Dutasteride has been shown to significantly improve hair growth over 90 days when combined with topical finasteride and minoxidil. Finasteride is also powerful: it stops AGA progression in 80-90% of men (demonstrating the importance of early interventions) and produces a 10% increase in hair count over two years.

These results come with some possible side effects, though, such as low sperm counts (making conception difficult), lowered libido, and brain fog. One way to minimize these side effects is by localizing the medication’s effects to the scalp. This can be accomplished by taking a topical version instead of an oral one. In fact, studies have shown that topical finasteride can reduce the risk of side effects by 30-90%.


Microneedling has gained tremendous popularity for those suffering from hair loss, and for a good reason, when research shows that microneedling can increase hair counts by 15%.

This simulation-based therapy for hair loss leverages the idea of wound healing and how, as the body heals, it sends growth factors. With microneedling, these minuscule wounds are made in balding scalp skin, where the body then sends growth factors. Over time, this may cause new blood vessels to form and promote hair follicle proliferation.

Beware, though, there is some pain associated with this treatment—you will be piercing the skin hundreds of times, even if the needles are small.

While microneedling alone shows promising results, they improve even more if microneedling is combined with another treatment. One study even saw a 400% increase in growth initiated by minoxidil when microneedling was used.

There are many needle lengths for microneedling, ranging from 0.25 to 2.5 mm, but we recommend the 1.5 mm length.

The smaller the needle, the quicker the healing and the more frequently you can microneedle. However, longer needles can penetrate through more layers of the scalp.  A 1.5 mm length needle is the lowest length that still penetrates the dermis and evokes growth factors for hair follicle proliferation. 1.5 mm is also the needle length most often cited in clinical trials, so it has the most research backing it up.

Scalp Massage

Scalp massage shows potential for improving hair growth in those with androgenic alopecia by up to 75% after eight months of effort. The results are impressive, but you must commit to a 4-20 minute daily process to achieve them, with longer daily massages typically producing better results.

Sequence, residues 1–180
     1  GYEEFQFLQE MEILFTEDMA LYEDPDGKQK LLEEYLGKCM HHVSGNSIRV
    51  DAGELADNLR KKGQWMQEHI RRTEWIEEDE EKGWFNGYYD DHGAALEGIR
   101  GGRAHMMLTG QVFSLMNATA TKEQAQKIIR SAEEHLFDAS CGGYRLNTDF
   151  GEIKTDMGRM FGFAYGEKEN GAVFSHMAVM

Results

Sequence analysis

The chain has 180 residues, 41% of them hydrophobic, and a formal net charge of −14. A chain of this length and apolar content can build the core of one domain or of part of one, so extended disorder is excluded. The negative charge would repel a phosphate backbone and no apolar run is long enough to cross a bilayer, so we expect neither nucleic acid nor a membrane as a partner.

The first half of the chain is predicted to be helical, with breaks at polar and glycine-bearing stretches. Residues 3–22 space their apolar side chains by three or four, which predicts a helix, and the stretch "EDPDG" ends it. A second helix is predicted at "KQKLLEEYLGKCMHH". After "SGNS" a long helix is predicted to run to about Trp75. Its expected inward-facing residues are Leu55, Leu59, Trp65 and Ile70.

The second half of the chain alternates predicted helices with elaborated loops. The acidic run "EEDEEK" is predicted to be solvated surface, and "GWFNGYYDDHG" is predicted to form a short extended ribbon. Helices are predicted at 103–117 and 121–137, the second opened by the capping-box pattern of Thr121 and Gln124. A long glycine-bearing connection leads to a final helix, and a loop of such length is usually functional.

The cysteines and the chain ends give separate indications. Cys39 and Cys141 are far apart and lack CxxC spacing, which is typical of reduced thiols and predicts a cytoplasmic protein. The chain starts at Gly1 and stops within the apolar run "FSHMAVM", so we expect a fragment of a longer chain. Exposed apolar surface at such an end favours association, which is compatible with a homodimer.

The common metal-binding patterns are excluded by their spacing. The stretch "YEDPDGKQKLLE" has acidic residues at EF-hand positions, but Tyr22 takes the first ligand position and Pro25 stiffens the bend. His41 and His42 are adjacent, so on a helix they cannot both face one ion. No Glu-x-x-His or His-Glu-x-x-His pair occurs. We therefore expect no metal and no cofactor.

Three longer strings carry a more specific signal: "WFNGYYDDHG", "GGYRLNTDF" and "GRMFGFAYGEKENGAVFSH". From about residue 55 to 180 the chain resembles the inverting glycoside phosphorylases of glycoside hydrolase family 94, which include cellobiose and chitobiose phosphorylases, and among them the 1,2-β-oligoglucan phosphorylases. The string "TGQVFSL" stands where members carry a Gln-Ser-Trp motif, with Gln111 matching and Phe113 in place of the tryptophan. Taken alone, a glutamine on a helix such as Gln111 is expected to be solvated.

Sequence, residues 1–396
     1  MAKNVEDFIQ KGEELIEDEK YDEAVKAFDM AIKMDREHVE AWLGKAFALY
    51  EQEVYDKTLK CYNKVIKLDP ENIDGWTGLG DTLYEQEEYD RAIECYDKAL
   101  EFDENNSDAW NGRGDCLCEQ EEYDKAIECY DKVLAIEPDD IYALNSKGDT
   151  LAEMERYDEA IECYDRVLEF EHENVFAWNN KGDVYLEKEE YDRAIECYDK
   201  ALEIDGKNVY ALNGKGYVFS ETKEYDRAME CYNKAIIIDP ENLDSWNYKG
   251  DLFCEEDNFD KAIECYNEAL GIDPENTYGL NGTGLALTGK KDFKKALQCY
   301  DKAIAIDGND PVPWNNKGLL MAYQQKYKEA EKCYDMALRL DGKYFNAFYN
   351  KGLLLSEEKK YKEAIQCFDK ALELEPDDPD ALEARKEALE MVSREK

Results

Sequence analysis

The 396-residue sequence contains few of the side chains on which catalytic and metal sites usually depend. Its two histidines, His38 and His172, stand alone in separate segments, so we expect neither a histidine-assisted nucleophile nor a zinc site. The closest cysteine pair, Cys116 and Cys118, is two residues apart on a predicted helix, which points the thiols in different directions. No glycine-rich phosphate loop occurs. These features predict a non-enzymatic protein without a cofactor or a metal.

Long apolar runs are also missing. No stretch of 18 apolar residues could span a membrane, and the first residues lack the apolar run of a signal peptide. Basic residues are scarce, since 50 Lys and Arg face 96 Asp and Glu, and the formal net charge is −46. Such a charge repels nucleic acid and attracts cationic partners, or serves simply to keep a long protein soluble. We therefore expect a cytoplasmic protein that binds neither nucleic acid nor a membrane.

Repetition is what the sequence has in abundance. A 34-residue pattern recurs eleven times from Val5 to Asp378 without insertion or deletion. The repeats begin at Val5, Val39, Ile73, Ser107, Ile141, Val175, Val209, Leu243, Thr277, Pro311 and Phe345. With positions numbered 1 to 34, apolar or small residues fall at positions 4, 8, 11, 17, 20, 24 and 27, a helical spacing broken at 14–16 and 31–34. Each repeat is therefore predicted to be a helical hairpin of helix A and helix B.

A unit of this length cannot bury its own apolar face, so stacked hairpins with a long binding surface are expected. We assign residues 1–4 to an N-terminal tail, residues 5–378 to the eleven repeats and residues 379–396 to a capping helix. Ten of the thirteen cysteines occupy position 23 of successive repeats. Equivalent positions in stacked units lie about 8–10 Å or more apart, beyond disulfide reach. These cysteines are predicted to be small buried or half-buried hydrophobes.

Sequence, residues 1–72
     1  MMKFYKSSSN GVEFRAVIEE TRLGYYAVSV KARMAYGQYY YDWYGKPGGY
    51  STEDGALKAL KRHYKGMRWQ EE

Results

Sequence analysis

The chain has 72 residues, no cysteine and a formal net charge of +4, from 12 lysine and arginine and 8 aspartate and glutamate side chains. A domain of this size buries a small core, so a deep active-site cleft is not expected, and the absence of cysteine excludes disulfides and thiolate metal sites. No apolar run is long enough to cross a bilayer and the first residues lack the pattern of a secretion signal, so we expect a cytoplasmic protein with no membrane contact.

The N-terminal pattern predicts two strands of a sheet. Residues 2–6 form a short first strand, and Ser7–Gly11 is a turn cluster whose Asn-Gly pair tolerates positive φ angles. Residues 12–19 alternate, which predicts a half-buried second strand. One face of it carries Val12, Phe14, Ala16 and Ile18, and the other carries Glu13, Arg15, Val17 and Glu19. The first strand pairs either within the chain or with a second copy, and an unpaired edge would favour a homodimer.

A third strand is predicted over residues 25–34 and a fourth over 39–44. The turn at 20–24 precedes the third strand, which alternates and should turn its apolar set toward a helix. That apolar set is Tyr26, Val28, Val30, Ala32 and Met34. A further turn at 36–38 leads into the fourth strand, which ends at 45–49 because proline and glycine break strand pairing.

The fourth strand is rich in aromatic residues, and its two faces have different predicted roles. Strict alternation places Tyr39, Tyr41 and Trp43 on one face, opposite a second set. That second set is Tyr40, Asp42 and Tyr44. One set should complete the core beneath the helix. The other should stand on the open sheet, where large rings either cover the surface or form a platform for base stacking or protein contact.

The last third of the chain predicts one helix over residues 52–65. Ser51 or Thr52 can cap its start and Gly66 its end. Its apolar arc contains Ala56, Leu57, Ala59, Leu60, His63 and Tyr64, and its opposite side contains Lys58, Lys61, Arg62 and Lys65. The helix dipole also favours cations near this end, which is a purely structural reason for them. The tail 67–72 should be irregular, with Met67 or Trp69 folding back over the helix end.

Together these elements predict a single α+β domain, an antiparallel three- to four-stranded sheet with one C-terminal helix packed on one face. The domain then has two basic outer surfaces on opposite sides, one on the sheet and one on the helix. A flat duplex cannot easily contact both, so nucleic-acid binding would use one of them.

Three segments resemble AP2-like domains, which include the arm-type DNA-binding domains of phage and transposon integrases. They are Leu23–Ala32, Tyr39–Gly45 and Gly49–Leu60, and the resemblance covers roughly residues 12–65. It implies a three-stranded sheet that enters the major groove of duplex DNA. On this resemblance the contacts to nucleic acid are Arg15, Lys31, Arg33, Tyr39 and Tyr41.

As for how a scalp massage offers these results, researchers suspect that it stretches the cells of the hair follicles, stimulating them to produce thicker hair. It’s also possible that scalp massages dilate the blood vessels beneath the skin, encouraging hair growth.

For those whose fingers cannot handle 20 minutes of pressure application and the fine motor movements required to massage, a scalp massager can help you complete this daily task.

Red Light Laser Therapy

Red light laser therapy, sometimes called low-level laser therapy, is the therapeutic exposure to red or near-infrared radiation. There are different red light laser therapy methods, including personal laser helmets, in-office laser helmets, and laser combs.

How can light help with hair loss? Research has shown that the wavelengths achieved with red light can help encourage wound healing and, as a result, accelerate hair growth rates. It can even increase hair follicle proliferation.

Theories on how red light laser therapy produces these results can vary. Some theorize that the laser’s heat activates heat shock proteins used for hair growth. The light may also increase tissue oxygen levels, and since lower tissue oxygen levels have been observed in balding areas of the scalp, the ability to increase oxygen levels may make red light laser therapy a promising treatment.

Other possible actions include generating acute tissue inflammation (bringing along growth factors) and increasing blood flow (which brings more oxygen).


Research has documented many vitamin deficiencies as being related to hair loss, including:

  • Vitamin A, B6, C, and E
  • Folic acid
  • Biotin
  • Iron
  • Zinc

Vitamins are crucial for each stage of the hair growth cycle, and deficient vitamin levels can lead to slow growth, thinning, dull strands, or even excessive shedding.

While the best way to get these vitamins is through your diet, as it is the easiest for your body to absorb, that’s not always possible. If you cannot get these vitamins solely through your diet, try a supplement.